Friday, July 13, 2012



HERE'S YOUR chance to get your hands dirty at a new series of archaeological dig sites at Ancient Roman forts along Hadrian's Wall in northeastern England.

A community archaeology project has just received £400,000 (over $600,000) from Britain's Heritage Lottery Fund (HLF) to uncover the history of Hadrian's Wall.

The thrilling part is that the digs are in hitherto unexplored areas with the promise of unexpected finds — and that the general public can take part.

Tyne and Wear Archives and Museums is organising the three-year project, which will involve more than 500 people in the Newcastle/Tyneside/South Shields area.

Work will begin in autumn 2012 to unearth details about Hadrian's Wall, including large sections under modern-day roads and buildings, and to raise awareness of the Roman fortification in local communities, including Arbeia Roman Fort (photo upper left).

Members of the public participating in the project will have the opportunity to get involved in excavation work, surveying and desk-based research. They will also work alongside professional archaeologists and historians.

Who knows? You could stumble onto artefacts pertaining to Antinous in his form as ANTENOCITICUS, whose temple was found in a corner of the Roman fort of Condercum, in what is now a residential neighborhood of suburban Newcastle.

A rather crudely sculpted head was found. Despite the lack of artistic refinement, the curly-locked hair and the name Antenociticus strongly indicate a link to Antinous. The wall was built mostly before Antinous came into Hadrian's life, but this Temple seems to have been constructed after the religion of Antinous spread throughout the world. 

The names of the two deities have a very familiar ring, and may be due to mispronunciation, or to a more deliberate effort to assimilate Antinous into the Romano-Britannic religion of the surrounding populous.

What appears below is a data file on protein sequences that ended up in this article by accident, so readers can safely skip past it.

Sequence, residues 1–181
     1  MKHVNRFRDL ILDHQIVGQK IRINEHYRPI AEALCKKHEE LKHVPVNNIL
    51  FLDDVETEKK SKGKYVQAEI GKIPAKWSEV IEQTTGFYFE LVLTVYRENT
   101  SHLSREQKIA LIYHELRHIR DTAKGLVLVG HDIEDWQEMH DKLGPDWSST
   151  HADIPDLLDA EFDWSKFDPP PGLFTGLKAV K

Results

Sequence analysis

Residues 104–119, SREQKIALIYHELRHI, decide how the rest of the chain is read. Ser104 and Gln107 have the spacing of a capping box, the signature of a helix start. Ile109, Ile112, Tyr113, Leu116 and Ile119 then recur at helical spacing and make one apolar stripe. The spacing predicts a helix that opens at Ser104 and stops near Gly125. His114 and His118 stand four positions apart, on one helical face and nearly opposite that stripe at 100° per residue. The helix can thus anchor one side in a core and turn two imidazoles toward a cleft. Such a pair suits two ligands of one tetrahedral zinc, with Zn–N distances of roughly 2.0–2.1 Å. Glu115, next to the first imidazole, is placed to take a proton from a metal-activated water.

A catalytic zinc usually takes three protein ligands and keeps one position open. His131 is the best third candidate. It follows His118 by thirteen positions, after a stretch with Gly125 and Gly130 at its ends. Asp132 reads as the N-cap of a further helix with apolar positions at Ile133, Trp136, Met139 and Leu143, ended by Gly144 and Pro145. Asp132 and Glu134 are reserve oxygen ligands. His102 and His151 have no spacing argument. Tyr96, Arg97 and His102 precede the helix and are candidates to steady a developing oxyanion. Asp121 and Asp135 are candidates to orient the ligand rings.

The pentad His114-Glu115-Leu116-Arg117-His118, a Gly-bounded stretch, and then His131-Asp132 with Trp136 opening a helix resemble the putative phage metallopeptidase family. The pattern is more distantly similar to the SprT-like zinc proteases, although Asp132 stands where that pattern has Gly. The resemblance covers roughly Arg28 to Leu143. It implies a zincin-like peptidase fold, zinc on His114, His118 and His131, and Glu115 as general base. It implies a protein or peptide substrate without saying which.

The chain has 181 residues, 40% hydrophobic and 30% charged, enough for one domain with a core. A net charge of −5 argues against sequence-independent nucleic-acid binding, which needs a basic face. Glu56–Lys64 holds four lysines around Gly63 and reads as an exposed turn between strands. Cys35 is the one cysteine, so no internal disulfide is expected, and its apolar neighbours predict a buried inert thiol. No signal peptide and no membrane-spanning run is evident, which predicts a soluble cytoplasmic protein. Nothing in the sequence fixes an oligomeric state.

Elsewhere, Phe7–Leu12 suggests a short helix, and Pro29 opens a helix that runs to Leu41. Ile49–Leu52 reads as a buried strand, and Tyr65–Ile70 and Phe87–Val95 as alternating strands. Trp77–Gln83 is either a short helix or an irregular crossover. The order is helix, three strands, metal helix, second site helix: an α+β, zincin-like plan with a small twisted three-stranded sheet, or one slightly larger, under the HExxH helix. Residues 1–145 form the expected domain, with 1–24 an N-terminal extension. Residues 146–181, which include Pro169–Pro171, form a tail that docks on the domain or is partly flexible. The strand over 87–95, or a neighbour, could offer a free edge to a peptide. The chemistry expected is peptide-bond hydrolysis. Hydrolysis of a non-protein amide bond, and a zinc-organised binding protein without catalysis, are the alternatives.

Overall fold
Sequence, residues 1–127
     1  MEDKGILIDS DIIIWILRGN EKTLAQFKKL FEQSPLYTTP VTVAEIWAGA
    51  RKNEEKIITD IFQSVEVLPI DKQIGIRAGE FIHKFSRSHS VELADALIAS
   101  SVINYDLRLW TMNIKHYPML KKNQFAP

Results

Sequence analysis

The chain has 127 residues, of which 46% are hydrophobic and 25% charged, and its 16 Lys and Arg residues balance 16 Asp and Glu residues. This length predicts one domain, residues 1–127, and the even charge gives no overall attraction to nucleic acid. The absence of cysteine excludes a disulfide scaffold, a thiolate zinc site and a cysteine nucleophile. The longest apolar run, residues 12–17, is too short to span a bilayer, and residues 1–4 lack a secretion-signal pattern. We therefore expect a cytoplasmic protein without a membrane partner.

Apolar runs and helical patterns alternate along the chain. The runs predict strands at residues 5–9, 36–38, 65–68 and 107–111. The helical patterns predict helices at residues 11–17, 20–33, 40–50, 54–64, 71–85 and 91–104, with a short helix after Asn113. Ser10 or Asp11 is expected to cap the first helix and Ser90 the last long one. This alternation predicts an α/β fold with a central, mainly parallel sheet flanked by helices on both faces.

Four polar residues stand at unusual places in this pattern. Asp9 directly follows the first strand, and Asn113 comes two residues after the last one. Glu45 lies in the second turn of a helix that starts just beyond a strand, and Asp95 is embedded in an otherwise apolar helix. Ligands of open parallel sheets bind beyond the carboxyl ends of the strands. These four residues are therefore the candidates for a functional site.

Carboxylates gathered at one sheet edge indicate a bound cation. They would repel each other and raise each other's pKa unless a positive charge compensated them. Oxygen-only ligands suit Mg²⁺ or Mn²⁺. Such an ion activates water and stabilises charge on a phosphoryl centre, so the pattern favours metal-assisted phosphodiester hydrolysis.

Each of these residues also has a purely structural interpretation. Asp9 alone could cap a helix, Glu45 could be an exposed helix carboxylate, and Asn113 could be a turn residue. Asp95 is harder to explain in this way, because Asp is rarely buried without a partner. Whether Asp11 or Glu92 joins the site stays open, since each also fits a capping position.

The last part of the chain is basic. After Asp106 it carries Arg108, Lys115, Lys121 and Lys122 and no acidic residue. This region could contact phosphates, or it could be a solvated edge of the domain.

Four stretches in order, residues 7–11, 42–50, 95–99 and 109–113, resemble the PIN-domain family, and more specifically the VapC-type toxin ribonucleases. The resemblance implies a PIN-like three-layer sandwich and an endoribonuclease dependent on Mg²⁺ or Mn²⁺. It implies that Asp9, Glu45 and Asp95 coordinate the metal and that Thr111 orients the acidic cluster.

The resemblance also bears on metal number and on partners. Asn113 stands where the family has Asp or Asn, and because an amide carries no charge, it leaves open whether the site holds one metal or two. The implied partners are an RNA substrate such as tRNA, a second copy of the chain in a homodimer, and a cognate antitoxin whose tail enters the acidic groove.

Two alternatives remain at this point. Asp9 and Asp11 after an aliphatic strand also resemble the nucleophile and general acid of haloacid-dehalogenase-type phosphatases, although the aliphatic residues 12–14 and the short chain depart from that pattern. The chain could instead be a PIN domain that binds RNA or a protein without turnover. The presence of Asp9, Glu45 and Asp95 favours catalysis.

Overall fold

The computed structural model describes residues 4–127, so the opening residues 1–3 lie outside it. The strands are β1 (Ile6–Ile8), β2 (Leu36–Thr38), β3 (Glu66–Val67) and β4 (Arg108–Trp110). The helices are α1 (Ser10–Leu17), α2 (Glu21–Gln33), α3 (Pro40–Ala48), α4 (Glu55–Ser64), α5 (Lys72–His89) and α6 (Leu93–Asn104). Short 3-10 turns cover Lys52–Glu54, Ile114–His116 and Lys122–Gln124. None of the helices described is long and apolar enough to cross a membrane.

This Antinous-Antenociticus is important because he shows that the spirit of Antinous found its place even amongst the ancestors of the English speaking nations, who have now emerged as the inheritors of his new religion.

Although Britannia was the farthest extreme of Rome, it has become her fulfillment in the modern world. The British Empire and her daughter, American popular culture, are the New Rome.

The ideal of world peace and stability that was Hadrian's dream is finding its first realization since his golden age. This seed of Antinous, planted in a small, obscure Temple on the very frontier of the great, loving Roman Empire of the Age of the Antonines, has blossomed in our time. Veneration of this Celtic deity is veneration of the same boy who fell into the Nile.

Thanks to this new archaeological project, new insights into Antenociticus and his mysterious frontier shrine (rendering at right) may quite literally be unearthed.

Ged Bell, chairman of Tyne and Wear Archives and Museums joint committee, said: "This is a very exciting project which will reveal more about one of our region's most important landmarks, from its starting point in Wallsend and heading as far west as Hexham and Corbridge."

Segedunum Roman Fort in Wallsend is the most excavated fort along Hadrian’s Wall, and it is hoped that the project will unearth further finds.

The research will focus on the remains of the Roman Fort of Condercum in Benwell; sections of the wall in Wallsend, central Newcastle and Roman finds from Gateshead; Arbeia Roman Fort at South Shields; and the "lost Roman road" between Chesters and Corbridge, the route of which is unknown.

Former BBC weather presenter Trai Anfield, who has been appointed as a new member of the HLF north east committee, said: "The project will bring different parts of the community together to help uncover the secrets of this lesser-known part of Hadrian’s Wall.

"It will provide fantastic volunteering opportunities and teach people taking part a diverse range of practical archaeological skills."

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